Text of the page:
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Board 63: Work in progress: Uncovering engineering students’ sentiments from weekly reflections using natural language processing

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2023 ASEE Annual Conference & Exposition


Baltimore , Maryland

Publication Date

June 25, 2023

Start Date

June 25, 2023

End Date

June 28, 2023

Conference Session

Computers in Education Division (COED) Poster Session

Tagged Division

Computers in Education Division (COED)

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Ahmed Ashraf Butt Purdue University at West Lafayette (COE) Orcid 16x16


Saira Anwar Texas A&M University Orcid 16x16

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Saira Anwar is an Assistant Professor at Department of Multidisciplinary Engineering, Texas A &M University. Dr. Anwar has over 13 years of teaching experience, primarily in the disciplines of engineering education, computer science and software engineering. Her research focuses on studying the unique contribution of different instructional strategies on students' learning and motivation. Also, she is interested in designing interventions that help in understanding conceptually hard concepts in STEM courses. Dr. Anwar is the recipient of the 2020 outstanding researcher award by the School of Engineering Education, Purdue University. Also, she was the recipient of the "President of Pakistan Merit and Talent Scholarship" for her undergraduate studies.

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Muhsin Menekse Purdue University at West Lafayette (COE)

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Muhsin Menekse is an Assistant Professor at Purdue University with a joint appointment in the School of Engineering Education and the Department of Curriculum & Instruction. Dr. Menekse's primary research focus is on exploring K-16 students' engagement and learning of engineering and science concepts by creating innovative instructional resources and conducting interdisciplinary quasi-experimental research studies in and out of classroom environments. Dr. Menekse is the recipient of the 2014 William Elgin Wickenden Award by the American Society for Engineering Education. Dr. Menekse also received three Seed-for-Success Awards (in 2017, 2018, and 2019) from Purdue University's Excellence in Research Awards programs in recognition of obtaining three external grants of $1 million or more during each year. His research has been generously funded by grants from the Institute of Education Sciences (IES), Purdue Research Foundation (PRF), and National Science Foundation (NSF).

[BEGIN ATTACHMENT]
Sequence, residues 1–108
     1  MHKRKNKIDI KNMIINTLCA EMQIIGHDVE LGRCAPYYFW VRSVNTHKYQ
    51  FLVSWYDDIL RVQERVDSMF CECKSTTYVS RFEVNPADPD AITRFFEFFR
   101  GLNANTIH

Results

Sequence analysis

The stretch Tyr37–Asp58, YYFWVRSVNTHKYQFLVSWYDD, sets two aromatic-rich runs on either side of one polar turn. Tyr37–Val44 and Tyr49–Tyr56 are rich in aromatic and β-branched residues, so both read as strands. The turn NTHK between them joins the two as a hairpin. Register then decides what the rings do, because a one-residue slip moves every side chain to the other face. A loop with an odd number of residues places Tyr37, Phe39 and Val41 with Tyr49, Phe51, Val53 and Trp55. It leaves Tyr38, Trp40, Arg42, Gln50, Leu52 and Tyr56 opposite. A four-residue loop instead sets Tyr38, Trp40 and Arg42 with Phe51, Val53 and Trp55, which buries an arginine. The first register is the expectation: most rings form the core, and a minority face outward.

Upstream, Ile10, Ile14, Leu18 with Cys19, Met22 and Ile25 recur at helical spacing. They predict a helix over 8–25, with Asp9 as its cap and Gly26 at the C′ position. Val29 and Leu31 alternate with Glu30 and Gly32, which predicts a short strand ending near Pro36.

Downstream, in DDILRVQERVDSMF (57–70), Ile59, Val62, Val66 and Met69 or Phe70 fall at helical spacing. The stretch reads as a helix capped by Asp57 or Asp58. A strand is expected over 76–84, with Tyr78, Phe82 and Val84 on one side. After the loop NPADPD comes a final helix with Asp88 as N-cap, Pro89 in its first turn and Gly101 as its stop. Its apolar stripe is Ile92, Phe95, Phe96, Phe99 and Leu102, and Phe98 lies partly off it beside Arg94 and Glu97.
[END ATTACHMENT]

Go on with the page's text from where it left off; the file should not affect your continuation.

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Understanding students’ sentiments are crucial as they impact their motivation and regulation strategies. However, limited work has been devoted to understanding students’ sentiments with respect to their classroom experiences in STEM courses, particularly in courses with conceptually difficult concepts. In this regard, this work-in-progress study used Natural Language Processing (NLP) algorithm to analyze the sentiments of the engineering students’ written reflections and then understand the change in their sentiments during the semester. In this course, students were introduced to computer programming with MATLAB, which is considered a difficult undertaking for novice learners. Specifically, this study will be guided by two research questions: 1) What kind of student sentiments occur when students reflect on the interesting and confusing aspect of the lecture? and 2) How do students’ sentiments change over the semester? To inform the study, we gathered students’ written reflections using the CourseMIRROR application in the multiple sections of the introductory engineering course (N = 300 students). This application asked students to reflect on the interesting and confusing aspects of the lecture after the end of each lecture throughout the semester. For sentiment analysis, we will use the Valence Aware Dictionary for Sentiment Reasoning (VADER) to assess sentiments in students’ reflections by generating a normalized sentiment score ranging from + 1 (extreme positive) to -1 (extreme negative). Based on the sentiment analysis results, we will employ descriptive statistics to inform the first research question by counting the frequency of the sentiments found in the students’ reflections. For the second research question, we will use one-way repeated measure ANOVA by splitting the lectures (N=21) into three equal time points and seeing the change of sentiment scores across these time points. We hypothesize that the students would have positive sentiments associated with reflections on interesting aspects of the lecture and negative sentiments while reflecting on confusing aspects of the lecture. Due to the nature of the course (i.e., programming concepts become gradually complex), we expect to see declining positive sentiments over time. The findings of this study will provide insights into students’ sentiments and provide suggestions to improve students’ engagement in engineering courses.

Butt, A. A., & Anwar, S., & Menekse, M. (2023, June), Board 63: Work in progress: Uncovering engineering students’ sentiments from weekly reflections using natural language processing Paper presented at 2023 ASEE Annual Conference & Exposition, Baltimore , Maryland. 10.18260/1-2--43210

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